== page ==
Who's gearing up for Thanksgiving? We are, and at the Evans household that means testing out new kinds of pie so we can pick The Ones for the big day.
I personally don't care about getting the pies exactly right, but Phillip does. Actually, he just likes to eat (and therefore bake) pies and is using "testing for Thanksgiving" as an excuse.
And I have to admit that "doing research for Thanksgiving" sounds a lot more respectable than "eating pie for breakfast two days this week."
At the recommendation of several friends, I've started reading Simplicity Parenting and it turns out you can't read it without wanting to throw away every piece of junk you own. At least I can't.
I started with our gigantic game cupboard: it was crammed to overflowing, with many games we don't play or games missing pieces that were eaten by the baby long ago.
My 12-year-old must've seen the frenzied look in my eyes as I ripped everything out and started piling up boxes, because she asked "Mom, you really like to throw stuff away, don't you?"
Well, after tossing or donating half the contents of the game cupboard my new favorite thing to do in my free time is throw open the doors and fawn over the beautifully organized inside. So yes. Yes, I do.
When my sweet friend Bridget got me out of the house to go out for dinner, the presentation of my food was so gorgeous I really wanted to take a picture. But whenever I think about photographing my food in public my next thought is always this guy:
So anyway, no picture. But really, the food was beautiful and delicious. Ordinarily I don't even like seafood, and I ate every bite.
It's possible that my glowing review was partly influenced by the fact that:
- I haven't been anywhere without kids since my 6-month-old was born,
- I haven't eaten out in longer than that unless you count room service in the maternity ward, and
- At home we've been known to eat meals that look like this:
I'm not saying we eat like this all the time, but it happens.
This week my oldest daughter's church youth group put on a special program. Each girl put together a display and showcased a 10-hour project she completed in Personal Progress, which is like a church version of the girl scout merit badge program.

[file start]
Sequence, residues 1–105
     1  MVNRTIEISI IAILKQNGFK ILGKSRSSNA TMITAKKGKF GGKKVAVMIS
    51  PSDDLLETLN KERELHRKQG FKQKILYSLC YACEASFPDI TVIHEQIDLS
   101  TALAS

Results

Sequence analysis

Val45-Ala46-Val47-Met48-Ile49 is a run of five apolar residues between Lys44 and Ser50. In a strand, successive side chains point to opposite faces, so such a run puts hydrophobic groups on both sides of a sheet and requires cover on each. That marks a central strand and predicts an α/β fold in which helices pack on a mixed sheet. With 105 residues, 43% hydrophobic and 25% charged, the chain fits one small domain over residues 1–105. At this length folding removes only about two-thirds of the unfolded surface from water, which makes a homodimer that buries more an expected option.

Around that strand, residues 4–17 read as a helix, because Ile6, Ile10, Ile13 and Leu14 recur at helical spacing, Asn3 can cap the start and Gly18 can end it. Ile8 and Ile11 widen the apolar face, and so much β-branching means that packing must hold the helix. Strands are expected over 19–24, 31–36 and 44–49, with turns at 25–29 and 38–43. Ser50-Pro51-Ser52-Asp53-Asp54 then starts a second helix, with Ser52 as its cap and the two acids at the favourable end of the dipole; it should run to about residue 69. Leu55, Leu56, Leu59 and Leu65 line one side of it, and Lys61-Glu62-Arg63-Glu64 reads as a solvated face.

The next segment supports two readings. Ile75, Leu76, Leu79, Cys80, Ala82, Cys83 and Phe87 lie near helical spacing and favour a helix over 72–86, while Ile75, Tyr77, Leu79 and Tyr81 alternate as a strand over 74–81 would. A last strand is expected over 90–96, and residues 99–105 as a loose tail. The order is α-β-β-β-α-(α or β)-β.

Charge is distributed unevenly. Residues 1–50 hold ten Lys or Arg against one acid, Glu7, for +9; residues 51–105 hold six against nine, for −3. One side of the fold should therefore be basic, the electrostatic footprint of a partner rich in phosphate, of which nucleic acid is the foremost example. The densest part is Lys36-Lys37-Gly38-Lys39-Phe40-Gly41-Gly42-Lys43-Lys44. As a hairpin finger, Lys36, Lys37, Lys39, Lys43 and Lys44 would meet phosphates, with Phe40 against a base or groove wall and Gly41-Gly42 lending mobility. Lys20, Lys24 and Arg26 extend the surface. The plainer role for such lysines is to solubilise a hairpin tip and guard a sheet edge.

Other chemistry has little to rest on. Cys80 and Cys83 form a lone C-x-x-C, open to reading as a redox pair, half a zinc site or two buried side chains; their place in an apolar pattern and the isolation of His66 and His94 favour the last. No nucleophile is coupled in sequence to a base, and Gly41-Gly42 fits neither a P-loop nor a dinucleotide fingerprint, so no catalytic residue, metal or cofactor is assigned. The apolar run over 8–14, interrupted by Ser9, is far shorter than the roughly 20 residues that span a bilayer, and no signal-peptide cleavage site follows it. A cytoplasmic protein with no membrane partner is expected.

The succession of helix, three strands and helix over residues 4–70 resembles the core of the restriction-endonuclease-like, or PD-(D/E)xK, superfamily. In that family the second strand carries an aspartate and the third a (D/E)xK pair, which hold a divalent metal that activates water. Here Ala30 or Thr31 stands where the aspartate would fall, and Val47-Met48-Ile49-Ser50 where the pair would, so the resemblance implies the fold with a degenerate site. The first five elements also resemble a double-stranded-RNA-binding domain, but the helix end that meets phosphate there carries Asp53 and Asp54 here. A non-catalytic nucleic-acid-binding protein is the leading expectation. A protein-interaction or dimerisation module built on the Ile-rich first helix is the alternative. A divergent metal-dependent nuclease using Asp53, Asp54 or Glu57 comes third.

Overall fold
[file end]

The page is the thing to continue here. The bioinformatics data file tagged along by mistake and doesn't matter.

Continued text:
As I watched the different girls talk about their projects I was struck by how much I love the Personal Progress program. At a time when teens left to their own devices might just hide in solitude behind their earbuds, Personal Progress gives them productive things to do with their families.
One girl composed a piano duet and played it with her mom. Another did a family hike up a mountain. Someone else made her prom dress with her aunt.
My daughter learned how to cook and then taught her younger sister, so her display was easy: just bring in some kitchen paraphernalia. However, finding presentable-looking kitchen tools in our house is easier said than done.
Let's see, should we send it the cheese grater with the broken top? The handle-less serving spoon? The pot with the lid I burned so badly it's permanently discolored? The spatula with the giant gouge melted off from when it fell onto the heating element in the dishwasher?
|Still in active daily use. You don't get to go on disability if you're an Evans kitchen tool. You work for us until the day you drop dead.|
So many ways to say mediocrity in the kitchen, each one more impressive than the last.
Is anyone having trouble posting comments to my blog? I got an email from a reader saying that their comments weren't posting, even when they used a different device.
As I write this, it occurs to me that if you're having a similar problem you can't comment to answer this question. But maybe you could email me? Send me a Facebook message?
If this is happening to other people too, I'm going to install a new commenting widget so I can hear from all of you.
According to what I read on the Internet and the merchandise I'm seeing in CVS, I should've started my Christmas shopping in August. By now I'm probably supposed to be finished with that and shopping for next year.
Buuuuut I haven't done a blessed thing yet except for setting up an Advent giveaway for you guys.
Don't make me feel like the lady who slaves over a hot stove making a dinner no one eats. Go here to read a review and enter to win a digital copy of the Names of Christ Advent Devotional created by my artist friend Heidi using Bible verses and some sweet Zentangle action. Your kids will love it.
My cub scout is learning about Internet safety for his Cyber Chip, and I've been dying laughing listening to him work through the videos and games he's required to watch and do.
In the "netiquette" section, he played a video game with different bad guys exemplifying bad netiquette. My favorite was Pottymouth Pete, who grumbled unintelligible curses whenever he was onscreen just like Joe Pesci in Home Alone.
Just to see how you'd do if you were earning your Cyber Chip, try to answer this quiz question I overheard:
If you see something online that makes you sad, scared, or confused, what should you do?
A) scream real loud
B) tell a trusted adult
C) do a little dance
I thought that one was a trick question, though, because I don't think A is supposed to be the answer but aren't kids always screaming real loud?